Name: Wilson Reis Professional Record: 6-0 Height: 5’4” Weight: 140 pounds Discipline: Brazilian Jiu-Jitsu Notable Wins: 6-0
Born in Brazil, Wilson Reis made the move to the United States years ago. He had wanted to be a full-time Jiu- Jitsu trainer, and he fulfi lled his goal. In 2007, he made his professional MMA debut after a successful amateur career.
A black belt in Brazilian Jiu-Jitsu under Roberto Godoi, Reis transitioned his grappling trade into MMA. His fundamentals are excellent, and his moves are slick. Reis is a decorated BJJ practitioner with credentials that include two championships in Grappler’s Quest and fi rst place at the 2004 Mundials as a brown belt.
After two wins as a professional, Reis signed on with EliteXC. The Philadelphia resident defeated every opponent who was put in front of him, including a dominating performance over Justin Robbins that garnered him many new fans. At ShoXC 8, he earned a fi ve-round unanimous decision over Abel Cullum to become EliteXC’s fi rst Bantamweight champion.
What did Reis feel was his biggest achievement to date? “Defi nitely winning the EliteXC title,” he commented. “The fi ght was a fi ve-round battle, and it was a very exciting time for me. I feel that I have not even scratched the surface of my ability yet. I am still pretty new to the sport, and I am looking forward to what the future holds.”
Unfortunately, Reis never got the chance to defend his new title. EliteXC closed down its fi ght operations last October, leaving many athletes uncertain about their future. However, a fi ghter with so much natural talent like Reis doesn’t stay down for long.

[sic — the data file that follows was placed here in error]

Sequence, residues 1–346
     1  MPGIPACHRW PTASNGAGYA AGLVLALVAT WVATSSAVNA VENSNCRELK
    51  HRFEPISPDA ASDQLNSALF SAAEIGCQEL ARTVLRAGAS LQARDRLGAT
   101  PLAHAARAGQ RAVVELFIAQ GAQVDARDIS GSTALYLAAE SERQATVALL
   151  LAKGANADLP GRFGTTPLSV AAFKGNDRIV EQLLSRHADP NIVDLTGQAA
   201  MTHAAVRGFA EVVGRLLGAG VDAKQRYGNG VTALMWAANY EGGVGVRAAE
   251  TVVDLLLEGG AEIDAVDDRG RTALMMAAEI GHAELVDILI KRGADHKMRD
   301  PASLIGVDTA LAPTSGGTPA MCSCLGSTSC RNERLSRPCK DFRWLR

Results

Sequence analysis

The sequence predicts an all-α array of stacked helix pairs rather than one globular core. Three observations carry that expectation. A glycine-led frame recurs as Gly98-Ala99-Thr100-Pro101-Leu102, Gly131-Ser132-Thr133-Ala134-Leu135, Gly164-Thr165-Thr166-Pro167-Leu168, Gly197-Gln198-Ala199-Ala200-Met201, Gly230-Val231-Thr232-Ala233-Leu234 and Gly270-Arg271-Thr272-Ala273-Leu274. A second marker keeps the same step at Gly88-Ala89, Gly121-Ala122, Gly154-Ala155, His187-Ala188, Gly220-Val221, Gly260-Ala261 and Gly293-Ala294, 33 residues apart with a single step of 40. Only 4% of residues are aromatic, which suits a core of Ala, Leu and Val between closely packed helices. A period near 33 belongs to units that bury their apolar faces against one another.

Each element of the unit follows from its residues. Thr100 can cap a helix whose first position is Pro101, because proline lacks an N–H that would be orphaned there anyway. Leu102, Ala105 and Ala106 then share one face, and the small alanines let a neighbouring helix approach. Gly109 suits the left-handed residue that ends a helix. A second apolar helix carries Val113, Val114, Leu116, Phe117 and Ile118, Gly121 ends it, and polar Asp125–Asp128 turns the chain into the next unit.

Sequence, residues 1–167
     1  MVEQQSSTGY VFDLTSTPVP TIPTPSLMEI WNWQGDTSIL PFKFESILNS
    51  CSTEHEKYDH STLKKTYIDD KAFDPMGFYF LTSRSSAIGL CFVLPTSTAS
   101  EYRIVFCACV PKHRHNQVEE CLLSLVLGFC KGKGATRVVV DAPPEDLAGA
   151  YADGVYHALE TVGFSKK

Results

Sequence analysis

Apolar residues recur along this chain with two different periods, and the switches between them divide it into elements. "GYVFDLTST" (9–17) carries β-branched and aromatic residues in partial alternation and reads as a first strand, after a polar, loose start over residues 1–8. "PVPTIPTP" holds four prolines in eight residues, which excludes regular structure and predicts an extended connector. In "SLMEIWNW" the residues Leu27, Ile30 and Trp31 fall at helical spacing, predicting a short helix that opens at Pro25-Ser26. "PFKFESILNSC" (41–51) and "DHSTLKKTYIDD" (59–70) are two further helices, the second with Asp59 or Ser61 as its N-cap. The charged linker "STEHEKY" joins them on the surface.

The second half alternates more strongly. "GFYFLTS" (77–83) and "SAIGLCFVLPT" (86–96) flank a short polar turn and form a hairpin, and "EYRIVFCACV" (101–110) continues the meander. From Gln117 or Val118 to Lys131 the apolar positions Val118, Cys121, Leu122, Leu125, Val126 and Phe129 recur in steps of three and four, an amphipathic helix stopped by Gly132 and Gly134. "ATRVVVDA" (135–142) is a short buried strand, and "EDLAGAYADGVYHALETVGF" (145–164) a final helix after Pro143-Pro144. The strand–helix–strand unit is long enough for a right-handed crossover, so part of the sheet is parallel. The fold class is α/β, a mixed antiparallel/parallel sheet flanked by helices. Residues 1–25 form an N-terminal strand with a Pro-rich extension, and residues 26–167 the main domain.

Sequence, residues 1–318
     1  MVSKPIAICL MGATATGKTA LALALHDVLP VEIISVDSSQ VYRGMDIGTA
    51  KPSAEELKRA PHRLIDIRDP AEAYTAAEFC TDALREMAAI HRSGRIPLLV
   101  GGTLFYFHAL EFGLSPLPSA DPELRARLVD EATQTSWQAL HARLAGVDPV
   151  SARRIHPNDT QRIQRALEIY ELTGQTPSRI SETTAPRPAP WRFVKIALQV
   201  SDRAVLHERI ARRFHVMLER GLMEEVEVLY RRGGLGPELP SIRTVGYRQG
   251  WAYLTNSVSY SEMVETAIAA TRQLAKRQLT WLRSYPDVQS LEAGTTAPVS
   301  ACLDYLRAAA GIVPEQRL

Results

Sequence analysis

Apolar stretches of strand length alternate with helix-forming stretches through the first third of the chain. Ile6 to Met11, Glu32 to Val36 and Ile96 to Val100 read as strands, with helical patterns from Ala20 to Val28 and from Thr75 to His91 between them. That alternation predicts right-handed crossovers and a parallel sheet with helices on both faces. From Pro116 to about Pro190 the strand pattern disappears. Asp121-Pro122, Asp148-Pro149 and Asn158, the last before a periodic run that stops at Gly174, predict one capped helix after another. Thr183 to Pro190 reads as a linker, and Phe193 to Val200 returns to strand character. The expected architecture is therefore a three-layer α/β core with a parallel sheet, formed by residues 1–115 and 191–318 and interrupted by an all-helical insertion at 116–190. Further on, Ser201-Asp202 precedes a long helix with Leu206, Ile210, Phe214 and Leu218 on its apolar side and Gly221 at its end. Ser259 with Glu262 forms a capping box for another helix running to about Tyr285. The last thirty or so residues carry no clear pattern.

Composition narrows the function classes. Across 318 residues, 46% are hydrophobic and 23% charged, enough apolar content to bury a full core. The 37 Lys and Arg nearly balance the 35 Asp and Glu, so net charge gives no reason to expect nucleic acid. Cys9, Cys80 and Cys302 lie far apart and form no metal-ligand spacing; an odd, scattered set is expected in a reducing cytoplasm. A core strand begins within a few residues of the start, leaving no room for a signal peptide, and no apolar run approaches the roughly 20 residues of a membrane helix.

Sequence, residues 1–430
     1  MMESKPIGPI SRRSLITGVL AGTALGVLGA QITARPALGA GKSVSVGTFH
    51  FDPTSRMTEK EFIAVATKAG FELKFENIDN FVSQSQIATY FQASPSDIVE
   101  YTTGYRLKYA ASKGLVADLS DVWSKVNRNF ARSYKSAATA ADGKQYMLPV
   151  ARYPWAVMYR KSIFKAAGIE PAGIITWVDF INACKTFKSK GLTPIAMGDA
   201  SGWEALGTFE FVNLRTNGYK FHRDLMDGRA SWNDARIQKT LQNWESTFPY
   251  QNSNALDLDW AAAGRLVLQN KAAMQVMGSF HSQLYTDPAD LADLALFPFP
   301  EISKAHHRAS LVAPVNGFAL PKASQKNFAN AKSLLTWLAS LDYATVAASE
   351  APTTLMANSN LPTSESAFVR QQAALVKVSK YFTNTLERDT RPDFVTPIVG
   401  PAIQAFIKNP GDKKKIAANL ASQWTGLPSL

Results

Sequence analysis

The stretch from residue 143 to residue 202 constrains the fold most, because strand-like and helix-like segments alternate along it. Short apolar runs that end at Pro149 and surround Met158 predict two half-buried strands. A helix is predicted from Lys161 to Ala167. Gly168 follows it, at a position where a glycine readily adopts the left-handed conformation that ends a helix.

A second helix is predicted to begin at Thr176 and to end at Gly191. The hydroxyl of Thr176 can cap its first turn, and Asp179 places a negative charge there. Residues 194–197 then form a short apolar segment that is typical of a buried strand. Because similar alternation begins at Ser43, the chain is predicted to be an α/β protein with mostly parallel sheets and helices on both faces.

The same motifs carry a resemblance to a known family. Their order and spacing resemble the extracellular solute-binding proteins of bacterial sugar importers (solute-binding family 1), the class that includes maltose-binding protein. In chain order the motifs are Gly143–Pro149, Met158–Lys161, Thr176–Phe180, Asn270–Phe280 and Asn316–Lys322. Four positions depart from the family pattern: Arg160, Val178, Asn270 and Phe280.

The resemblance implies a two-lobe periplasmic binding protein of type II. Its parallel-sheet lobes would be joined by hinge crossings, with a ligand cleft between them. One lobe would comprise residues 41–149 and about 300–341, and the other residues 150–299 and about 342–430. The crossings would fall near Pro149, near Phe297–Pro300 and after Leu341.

“Since I was their champion, I was sad to see them go,” Reis said. “But I have found a new home with Bellator. Bellator is the new promotion on the ESPN network. They have treated me like gold. They believe in making the fi ghter the focal point, so I am so excited for their eight-man tournaments starting this April on ESPN Deportes. I am honored that Bellator is highlighting me as one of their premier 145-pound fi ghters.”
Wilson Reis’ performances have been impressive, and his full potential has yet to be seen. With a promising career ahead of him, he is poised to become one of the top Featherweights in the near future.
“I want to be considered the best 145-pound fi ghter in the world,” Reis explained. “And more than anything, I want to be happy. I would love to be making enough money to support my mom and dad and brothers and sisters back in Brazil. Thank you all for your support. You guys drive me every day to train hard and improve. You ain’t seen nothing yet.”
Name: Jesse Riggleman Professional Record: 2-0 Height: 5’3” Weight: 135 pounds Discipline: Wrestling, Brazilian Jiu-Jitsu Notable Wins: Steve Kinnison